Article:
Bolivia, a country in the Andes, has developed strongly in recent years. Since the left-wing president Evo Morales took office, poverty in the country has been more than halved, life expectancy has risen by four years and the economy is booming. Bolivia has achieved this through the nationalisation of its mineral resources and an economic policy that takes care of the poorest in the country.
Bolivia was long considered the poorhouse of Latin America. Although the country is rich in raw materials, most of the profits from their extraction went to large corporations from Europe and North America. This changed when the indigenous trade unionist Evo Morales was elected president in 2006. He nationalised the country’s raw materials and introduced far-reaching social programmes to help the impoverished population. As a result, during his time in office, Morales was able to more than halve poverty in Bolivia and the economy grew faster than in almost all other Latin American countries.
From poverty to the presidency
Evo Morales grew up in extreme poverty in the highlands of Bolivia in the 1960s. Four of his brothers died at a young age. He attended school for only six years before helping to feed the family by selling sweets and working in a bakery. As a young adult, he became active in the local coca farmers’ union and took on more and more responsibilities.
The country’s government was controlled by the white upper class, although the population was largely indigenous. The country’s political situation had been marked by wars and coups d’état since independence in 1821. The economy barely moved. Much of the population, especially indigenous peasants in the highlands, lived in abject poverty and had little say in the country’s politics. In addition, the country’s mineral resources were controlled by international corporations. The poor population had hardly anything from the country’s wealth of resources.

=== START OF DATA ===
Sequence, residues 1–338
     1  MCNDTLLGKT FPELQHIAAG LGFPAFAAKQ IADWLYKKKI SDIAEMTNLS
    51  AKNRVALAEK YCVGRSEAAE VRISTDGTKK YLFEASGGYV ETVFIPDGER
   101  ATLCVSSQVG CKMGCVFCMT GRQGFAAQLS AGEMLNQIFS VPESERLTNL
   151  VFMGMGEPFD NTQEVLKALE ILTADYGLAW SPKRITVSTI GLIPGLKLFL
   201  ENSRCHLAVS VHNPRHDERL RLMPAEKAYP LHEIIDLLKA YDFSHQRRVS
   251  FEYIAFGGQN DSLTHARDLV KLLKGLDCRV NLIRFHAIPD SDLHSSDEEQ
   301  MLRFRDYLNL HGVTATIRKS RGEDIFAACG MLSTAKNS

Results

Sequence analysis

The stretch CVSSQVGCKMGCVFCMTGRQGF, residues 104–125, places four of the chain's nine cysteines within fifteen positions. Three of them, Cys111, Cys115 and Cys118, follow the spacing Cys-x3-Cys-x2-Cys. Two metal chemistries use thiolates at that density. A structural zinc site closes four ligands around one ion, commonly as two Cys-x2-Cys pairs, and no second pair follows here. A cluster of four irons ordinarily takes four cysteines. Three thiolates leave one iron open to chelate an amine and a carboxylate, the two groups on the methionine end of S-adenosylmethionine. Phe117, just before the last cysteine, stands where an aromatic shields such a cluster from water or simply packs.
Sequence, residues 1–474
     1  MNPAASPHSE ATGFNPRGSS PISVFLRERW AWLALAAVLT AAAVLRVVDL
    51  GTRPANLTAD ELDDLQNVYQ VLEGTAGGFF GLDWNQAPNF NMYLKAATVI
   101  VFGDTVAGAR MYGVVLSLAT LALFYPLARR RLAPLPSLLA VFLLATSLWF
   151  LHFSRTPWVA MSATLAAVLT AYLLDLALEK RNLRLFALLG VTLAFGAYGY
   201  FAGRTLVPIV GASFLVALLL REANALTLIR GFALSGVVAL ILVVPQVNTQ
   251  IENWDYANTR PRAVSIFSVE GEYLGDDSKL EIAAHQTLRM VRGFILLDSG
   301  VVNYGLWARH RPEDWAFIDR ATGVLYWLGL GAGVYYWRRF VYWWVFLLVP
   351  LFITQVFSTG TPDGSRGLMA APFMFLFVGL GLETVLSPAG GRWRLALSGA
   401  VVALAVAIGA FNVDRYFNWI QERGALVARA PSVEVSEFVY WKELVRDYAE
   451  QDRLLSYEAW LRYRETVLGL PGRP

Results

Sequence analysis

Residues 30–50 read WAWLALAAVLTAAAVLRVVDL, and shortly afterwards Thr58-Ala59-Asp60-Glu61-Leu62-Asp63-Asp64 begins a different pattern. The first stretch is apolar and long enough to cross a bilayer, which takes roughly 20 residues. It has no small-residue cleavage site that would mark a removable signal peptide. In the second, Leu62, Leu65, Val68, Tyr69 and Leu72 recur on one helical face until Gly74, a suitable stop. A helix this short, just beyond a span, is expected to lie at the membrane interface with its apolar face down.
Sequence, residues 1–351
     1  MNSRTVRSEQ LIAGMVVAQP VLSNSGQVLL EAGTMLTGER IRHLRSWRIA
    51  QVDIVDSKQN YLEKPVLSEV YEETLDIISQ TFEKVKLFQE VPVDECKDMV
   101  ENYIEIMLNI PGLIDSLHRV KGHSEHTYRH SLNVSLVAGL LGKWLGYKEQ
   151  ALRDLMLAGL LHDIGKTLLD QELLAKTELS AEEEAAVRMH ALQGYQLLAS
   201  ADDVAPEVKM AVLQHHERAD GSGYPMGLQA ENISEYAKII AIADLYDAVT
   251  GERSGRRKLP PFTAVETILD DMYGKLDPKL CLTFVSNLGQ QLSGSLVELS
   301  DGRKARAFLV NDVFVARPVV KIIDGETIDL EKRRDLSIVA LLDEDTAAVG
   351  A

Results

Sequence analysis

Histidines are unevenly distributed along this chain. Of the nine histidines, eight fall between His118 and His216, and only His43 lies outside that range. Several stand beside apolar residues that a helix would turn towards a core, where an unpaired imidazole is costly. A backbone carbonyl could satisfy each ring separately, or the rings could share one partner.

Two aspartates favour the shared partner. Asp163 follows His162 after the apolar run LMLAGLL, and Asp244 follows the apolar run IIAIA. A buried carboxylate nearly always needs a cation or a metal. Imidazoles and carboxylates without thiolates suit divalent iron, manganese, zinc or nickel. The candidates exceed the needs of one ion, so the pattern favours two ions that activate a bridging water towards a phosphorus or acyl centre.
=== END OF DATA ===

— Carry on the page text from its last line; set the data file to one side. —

Morales wanted to change that. Together with other trade unionists and activists from the indigenous population, he created the Movimento al Socialismo (MAS) party. Their goal was to nationalise the mineral resources, strengthen the rights of the indigenous population and expand the welfare state. Despite opposition from the country’s political elites, Morales was elected the country’s first indigenous president in 2005 with an absolute majority. Under his presidency, which lasted until 2019, the country changed fundamentally.
Nationalisation of mineral resources
One of the first major steps taken by the Morales government was the nationalisation of Bolivia’s oil and gas resources. By law in 2006, the large international corporations that had controlled these mineral resources until then were required to sign new agreements with the state oil and gas company Yacimientos Petroliferos Fiscales Bolivianos (YPFB). In some cases, YPFB took over the extraction of the raw materials completely, in some cases only shares in them. The Morales government took a similar approach when it nationalised the mining industry in 2007. The following year, the Bolivian government also nationalised the largest company in the telecommunications sector.
Through these nationalisations, the government now not only had more control over its own resources, but could also use the profits from their extraction for social and infrastructure projects.
The fight against poverty
When the Morales government took office, Bolivia was the poorest state in South America. Morales experienced the bitter poverty of the population himself. His goal and that of the MAS movement was to end this poverty. This was achieved mainly in three ways: strengthening the economy, raising wages and expanding the welfare state.
With the income from the extraction of raw materials, the government modernised the country’s infrastructure. Between 2000 and 2015, public investment doubled. Roads, hospitals, and schools were built. An important focus, however, was the development of rural areas. Through land reform, small farmers gained access to land that was previously in the hands of large landowners. In addition, the government supported food prices to help small farmers and ensure the country’s food security. At the same time, oil and gas refineries were built not only to export raw materials, but to keep value added in the country.